In a collaborative effort, the Santa Rosa Metro Chamber is combining proactive policy advocacy with the development of new partnerships with businesses to increase access to childcare for Sonoma County families by increasing investments in this critical community infrastructure. Although there was a growing acknowledgement of a common objective, the education and business sectors weren’t connected in a meaningful way. The Chamber had established broad credibility through their work in workforce development, education, and family friendly policies and was best positioned to bridge both worlds, conveying the necessity of this investment to the business community, while leaning on the expertise of the early education community for key data, relationships, and solutions.
After formalizing this network it was important to ensure that any progress made would not be hindered by city policy. The Santa Rosa Chamber invited the City’s Economic Development Department to partner in the work of increasing access to childcare. The Chamber, their early education partners, and city officials worked collaboratively on policy changes that would reduce costs for childcare providers and increase confidence in the childcare development process for investors. The City of Santa Rosa is now allowing development of childcare centers as a by-right land use, providing government owned facilities for childcare use during the pandemic, and has allocated significant funding for investment in childcare.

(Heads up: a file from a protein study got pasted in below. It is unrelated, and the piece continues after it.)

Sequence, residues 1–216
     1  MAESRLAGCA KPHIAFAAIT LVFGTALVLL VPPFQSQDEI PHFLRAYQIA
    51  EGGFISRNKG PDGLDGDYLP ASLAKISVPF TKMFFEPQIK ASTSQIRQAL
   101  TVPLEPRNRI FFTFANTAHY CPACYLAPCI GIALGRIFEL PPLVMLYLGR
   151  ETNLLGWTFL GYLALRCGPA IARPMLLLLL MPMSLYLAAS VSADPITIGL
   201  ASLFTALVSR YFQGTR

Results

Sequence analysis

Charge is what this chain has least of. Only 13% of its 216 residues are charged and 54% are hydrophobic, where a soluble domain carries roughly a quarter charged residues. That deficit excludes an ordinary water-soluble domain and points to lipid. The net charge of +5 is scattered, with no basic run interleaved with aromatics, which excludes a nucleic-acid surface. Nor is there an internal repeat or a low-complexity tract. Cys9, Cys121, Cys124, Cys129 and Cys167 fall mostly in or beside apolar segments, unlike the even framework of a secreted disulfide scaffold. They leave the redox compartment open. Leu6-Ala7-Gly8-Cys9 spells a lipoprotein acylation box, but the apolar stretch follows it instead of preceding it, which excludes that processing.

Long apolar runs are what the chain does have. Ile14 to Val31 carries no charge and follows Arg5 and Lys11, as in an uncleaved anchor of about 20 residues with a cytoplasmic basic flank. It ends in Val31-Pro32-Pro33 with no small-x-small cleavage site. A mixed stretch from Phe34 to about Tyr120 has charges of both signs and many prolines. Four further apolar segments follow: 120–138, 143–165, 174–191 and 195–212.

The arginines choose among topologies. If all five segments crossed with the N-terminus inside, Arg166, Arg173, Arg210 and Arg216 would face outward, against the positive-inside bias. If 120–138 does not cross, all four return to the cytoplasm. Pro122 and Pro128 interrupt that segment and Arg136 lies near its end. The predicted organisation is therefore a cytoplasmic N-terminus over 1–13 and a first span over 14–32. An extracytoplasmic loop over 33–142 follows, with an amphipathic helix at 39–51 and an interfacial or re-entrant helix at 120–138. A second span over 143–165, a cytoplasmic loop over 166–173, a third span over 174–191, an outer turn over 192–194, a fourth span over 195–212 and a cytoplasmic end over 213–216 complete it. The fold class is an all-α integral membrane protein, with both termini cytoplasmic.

The Santa Rosa Chamber organized and hosted educational forums for local employers that featured speakers from companies like Patagonia and employer-supported childcare experts like Bright Horizons, developed tools to assess return on investment for local employers evaluating childcare options, and created policy tool kits for employers and local government. Now employers are making strides, and significant investments, in childcare solutions for their workforce and the greater community.